FEMA grant to fund breathing equipment for Fairfield firefighters
FAIRFIELD — The Fire Department has received a $216,364 FEMA assistance grant to update safety equipment.
The grant from the Federal Emergency Management Agency’s firefighter assistance program will allow the department to purchase new breathing apparatuses, offsetting otherwise high costs for the town.
Fire Chief Denis McCarthy said these breathing apparatuses, which function somewhat like scuba masks, protect firefighters when entering dangerous atmospheres to fight fires, rescue trapped victims or contain hazmat emergencies.
Twenty-four self-contained breathing apparatuses and a high-pressure compactor will replace the current old and obsolete equipment.
“The [apparatus] must be maintained at the highest level of service because the firefighter’s life depends on it,” McCarthy said. “This grant permits the Fairfield Fire Department to meet our obligation to firefighter safety with the most reliable and protective equipment available so they can meet their commitment to public safety.”
Senators Richard Blumenthal and Chris Murphy helped the department secure federal funding, and Blumenthal traveled to Fairfield on Oct. 18 to announce the grant.
“Fairfield Fire and EMS first responders’ diligence and dedication saves lives,” Blumenthal said. “By investing in this necessary equipment, we are enabling more proactive and preventive fire protection.”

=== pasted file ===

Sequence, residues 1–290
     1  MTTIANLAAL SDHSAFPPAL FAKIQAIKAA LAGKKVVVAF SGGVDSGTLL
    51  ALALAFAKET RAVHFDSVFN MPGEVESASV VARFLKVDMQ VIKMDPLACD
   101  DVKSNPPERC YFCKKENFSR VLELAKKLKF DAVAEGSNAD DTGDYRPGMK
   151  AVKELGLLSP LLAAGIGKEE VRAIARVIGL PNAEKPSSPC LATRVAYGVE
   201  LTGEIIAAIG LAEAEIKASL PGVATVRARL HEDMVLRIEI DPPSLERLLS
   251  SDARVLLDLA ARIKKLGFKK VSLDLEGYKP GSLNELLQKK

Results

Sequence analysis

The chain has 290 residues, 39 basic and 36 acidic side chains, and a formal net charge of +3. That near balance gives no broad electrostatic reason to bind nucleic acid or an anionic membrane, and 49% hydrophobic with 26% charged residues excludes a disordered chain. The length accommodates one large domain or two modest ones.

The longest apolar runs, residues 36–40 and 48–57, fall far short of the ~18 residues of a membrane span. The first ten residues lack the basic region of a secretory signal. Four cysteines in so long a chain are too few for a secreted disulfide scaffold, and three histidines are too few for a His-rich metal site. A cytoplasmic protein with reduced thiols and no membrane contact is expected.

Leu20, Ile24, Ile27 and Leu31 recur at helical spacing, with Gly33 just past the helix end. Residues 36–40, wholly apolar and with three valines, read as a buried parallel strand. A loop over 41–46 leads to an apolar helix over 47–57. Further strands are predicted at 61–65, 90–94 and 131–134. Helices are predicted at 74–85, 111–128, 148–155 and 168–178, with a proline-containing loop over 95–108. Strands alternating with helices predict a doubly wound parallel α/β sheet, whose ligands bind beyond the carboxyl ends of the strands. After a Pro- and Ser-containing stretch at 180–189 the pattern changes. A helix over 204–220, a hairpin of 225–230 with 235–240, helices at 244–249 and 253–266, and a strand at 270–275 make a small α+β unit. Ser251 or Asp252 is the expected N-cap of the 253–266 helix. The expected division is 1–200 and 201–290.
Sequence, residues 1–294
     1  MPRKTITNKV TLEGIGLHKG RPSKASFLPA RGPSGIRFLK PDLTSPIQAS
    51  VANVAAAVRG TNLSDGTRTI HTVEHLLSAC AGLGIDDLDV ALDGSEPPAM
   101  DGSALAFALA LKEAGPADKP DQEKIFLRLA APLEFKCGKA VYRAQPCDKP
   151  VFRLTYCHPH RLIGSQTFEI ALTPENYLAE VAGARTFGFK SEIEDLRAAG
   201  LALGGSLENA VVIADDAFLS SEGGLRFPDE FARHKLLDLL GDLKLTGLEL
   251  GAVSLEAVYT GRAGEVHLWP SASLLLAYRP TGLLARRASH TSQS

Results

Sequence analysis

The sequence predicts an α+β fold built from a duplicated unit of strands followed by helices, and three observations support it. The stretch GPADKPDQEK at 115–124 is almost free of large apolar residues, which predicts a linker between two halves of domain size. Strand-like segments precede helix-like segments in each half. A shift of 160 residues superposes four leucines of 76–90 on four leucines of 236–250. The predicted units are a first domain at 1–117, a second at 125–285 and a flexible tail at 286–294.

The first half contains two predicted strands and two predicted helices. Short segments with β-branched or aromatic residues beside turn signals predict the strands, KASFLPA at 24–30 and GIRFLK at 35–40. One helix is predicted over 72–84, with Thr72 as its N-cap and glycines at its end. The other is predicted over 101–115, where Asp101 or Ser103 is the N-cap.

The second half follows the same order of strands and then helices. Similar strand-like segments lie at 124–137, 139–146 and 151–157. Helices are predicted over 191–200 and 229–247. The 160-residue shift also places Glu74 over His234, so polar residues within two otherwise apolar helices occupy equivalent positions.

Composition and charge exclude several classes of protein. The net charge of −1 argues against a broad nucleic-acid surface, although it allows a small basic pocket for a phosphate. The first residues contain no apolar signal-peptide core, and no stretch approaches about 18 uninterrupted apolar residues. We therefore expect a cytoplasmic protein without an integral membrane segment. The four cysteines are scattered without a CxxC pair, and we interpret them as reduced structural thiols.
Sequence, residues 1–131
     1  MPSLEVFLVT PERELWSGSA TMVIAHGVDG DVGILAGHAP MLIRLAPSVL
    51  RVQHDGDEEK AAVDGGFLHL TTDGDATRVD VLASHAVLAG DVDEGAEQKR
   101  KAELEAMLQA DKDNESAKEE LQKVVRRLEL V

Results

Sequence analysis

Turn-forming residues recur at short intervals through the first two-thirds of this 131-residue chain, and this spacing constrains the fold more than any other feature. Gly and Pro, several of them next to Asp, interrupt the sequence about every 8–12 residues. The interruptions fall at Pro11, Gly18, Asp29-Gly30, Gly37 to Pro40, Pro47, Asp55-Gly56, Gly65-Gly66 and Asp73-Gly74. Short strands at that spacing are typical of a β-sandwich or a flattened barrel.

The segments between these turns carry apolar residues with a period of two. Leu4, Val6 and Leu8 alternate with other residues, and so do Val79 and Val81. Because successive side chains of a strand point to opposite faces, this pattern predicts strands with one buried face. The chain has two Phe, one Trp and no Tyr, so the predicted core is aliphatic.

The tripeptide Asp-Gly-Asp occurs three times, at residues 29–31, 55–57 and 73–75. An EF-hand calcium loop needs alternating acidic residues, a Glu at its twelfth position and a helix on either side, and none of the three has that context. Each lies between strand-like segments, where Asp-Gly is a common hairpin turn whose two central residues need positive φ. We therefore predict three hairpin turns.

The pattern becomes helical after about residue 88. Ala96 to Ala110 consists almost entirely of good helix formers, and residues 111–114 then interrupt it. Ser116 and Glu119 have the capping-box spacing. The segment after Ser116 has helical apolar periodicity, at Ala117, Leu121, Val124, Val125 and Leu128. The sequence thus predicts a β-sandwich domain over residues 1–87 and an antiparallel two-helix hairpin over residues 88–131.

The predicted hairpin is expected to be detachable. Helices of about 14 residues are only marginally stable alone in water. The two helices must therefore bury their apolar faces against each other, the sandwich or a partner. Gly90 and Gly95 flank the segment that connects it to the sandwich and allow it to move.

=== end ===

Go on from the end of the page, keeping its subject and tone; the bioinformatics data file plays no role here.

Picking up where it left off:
The grant, which comes out to over 200 percent of the department’s annual capital budget, will allow the department to improve firefighter safety while retaining funds for other capital projects.
The town is required to match 10 percent of the federal grant. McCarthy said they plan to include this in their upcoming capital budget.
In a separate application, the town is waiting to hear back from FEMA about a $3.2 million reimbursement for the 2015 rebuild of Penfield Pavilion, destroyed in Superstorm Sandy.
The town is currently waiting for a response on a second appeal for reimbursement, filed in August after FEMA claimed the town did not meet regulation guidelines in the rebuild.
First Selectman Mike Tetreau said this FEMA appeal is “totally separate” from the firefighters assistance grant, and he believes they will get reimbursed.
“We’re very optimistic about how that’ll turn out,” Tetreau said.